Arts & Life

The Salt
3:02 pm
Mon November 18, 2013

Sandwich Monday: IHOP At Home

The only thing missing is that sticky feeling when you accidentally touch the side of your hand to your plate.
NPR

Originally published on Mon November 18, 2013 3:28 pm

Sure, you want IHOP all the time. But what if you want the "P," without the "I" and the "H"-- at which point the "O" is just kind of hanging there? Fortunately, you can now have food from the International House of Pancakes at home, even if your house is not the slightest bit international. We sampled IHOP's new microwavable Griddle n' Sausage breakfast sandwich.

Eva: Now I have something to eat when I'm drunk at 3 a.m. alone at home.

Miles: After I finished my meal, I left a $4 tip in my microwave.

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Author Interviews
2:43 pm
Mon November 18, 2013

'Promised Land' Wrestles With Israel's Brutal Contradictions

Israeli soldiers work from a Gaza Strip watchtower.
Gali Tibbon AFP/Getty Images

Originally published on Sun November 24, 2013 9:01 am

In his new book My Promised Land: The Triumph and Tragedy of Israel, Israeli journalist Ari Shavit tackles several basic questions: Why was Israel created? What has it achieved? What went wrong? Where is it heading? Will it survive?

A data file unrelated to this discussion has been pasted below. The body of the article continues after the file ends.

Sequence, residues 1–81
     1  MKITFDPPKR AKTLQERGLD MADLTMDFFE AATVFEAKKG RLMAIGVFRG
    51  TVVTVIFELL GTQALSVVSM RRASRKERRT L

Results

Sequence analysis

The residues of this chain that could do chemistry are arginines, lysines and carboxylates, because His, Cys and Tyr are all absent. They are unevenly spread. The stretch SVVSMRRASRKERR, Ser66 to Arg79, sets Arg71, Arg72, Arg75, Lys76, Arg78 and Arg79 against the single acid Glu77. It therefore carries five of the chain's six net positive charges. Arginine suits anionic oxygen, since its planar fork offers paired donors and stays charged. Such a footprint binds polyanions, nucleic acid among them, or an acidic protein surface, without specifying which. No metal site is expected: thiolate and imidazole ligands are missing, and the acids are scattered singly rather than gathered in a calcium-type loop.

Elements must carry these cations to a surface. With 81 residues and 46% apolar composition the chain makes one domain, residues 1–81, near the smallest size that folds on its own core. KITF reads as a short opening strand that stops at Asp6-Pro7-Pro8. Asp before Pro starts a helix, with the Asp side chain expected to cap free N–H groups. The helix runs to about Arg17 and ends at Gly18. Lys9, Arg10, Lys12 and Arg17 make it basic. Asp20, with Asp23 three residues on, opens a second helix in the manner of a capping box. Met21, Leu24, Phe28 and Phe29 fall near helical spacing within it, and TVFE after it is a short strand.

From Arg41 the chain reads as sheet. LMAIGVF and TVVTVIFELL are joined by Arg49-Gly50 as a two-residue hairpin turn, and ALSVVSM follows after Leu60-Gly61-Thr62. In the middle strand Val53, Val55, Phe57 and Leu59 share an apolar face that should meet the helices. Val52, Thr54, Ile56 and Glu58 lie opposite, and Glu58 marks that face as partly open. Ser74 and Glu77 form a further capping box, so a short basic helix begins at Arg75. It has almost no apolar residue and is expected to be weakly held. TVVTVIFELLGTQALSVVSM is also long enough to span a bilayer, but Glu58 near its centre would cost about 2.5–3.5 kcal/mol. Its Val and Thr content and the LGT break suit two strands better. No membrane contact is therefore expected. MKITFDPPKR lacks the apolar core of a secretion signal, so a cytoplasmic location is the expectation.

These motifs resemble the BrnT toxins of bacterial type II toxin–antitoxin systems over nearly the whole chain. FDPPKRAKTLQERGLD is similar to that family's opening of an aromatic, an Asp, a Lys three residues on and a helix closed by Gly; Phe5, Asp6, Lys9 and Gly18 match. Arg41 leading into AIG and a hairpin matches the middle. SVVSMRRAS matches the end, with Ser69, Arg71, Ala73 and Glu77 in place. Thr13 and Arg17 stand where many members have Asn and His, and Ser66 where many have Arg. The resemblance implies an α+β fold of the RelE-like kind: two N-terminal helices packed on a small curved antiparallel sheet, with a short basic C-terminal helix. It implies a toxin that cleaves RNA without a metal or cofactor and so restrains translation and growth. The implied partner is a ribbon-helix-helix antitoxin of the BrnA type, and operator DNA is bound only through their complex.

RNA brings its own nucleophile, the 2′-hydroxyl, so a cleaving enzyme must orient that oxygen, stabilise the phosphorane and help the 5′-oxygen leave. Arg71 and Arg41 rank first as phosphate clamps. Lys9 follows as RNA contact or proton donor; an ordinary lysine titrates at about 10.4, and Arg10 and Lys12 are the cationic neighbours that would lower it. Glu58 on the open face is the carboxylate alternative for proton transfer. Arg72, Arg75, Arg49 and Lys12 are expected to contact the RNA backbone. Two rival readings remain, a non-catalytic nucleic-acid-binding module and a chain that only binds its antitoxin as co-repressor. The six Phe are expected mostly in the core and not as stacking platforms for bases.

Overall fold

The book is based on interviews with hundreds of Israelis — Jews and Arabs — as well as his own story and family history (two of Shavit's great-grandfathers became Zionists in the late 1800s).

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Remembrances
2:43 pm
Mon November 18, 2013

Fresh Air Remembers 'Golden Notebook' Author Doris Lessing

Doris Lessing, pictured here in 2006, once refused to allow the queen to declare her a dame of the British Empire, because — as the author put it — "There is no British Empire."
Martin Cleaver AP

Originally published on Tue November 19, 2013 1:24 pm

Novelist and essayist Doris Lessing died Sunday at the age of 94.

Lessing won the Nobel Prize in 2007. She lived in England most of her life, but she grew up in southern Rhodesia, now Zimbabwe.

Lessing often addressed racism and colonialism in her writing, including in a series of novels about a fictional character named Martha Quest. She was best known for her 1962 book, The Golden Notebook, which was regarded as among the most important feminist novels of its time.

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The Salt
11:57 am
Mon November 18, 2013

Coffee Maker Cooking: Brew Up Your Next Dinner

Parallel processing: Couscous cooks in the coffee maker's carafe while broccoli and cauliflower steam in the basket.
Morgan Walker/ NPR

Originally published on Fri November 22, 2013 7:36 pm

A few months ago, we introduced you to the wild world of dishwasher cooking. Poach salmon while cleaning dirty plates? No problem.

But some of you expressed concerns about having your sockeye sit so close to soapy water and the high energy cost of running a dishwasher.

Well, we've stumbled upon another wacky cooking method that may overcome these issues: using your coffee maker.

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Television
11:55 am
Mon November 18, 2013

'Totally Biased' TV Show Canceled, A Total Loss?

Originally published on Tue November 19, 2013 4:11 pm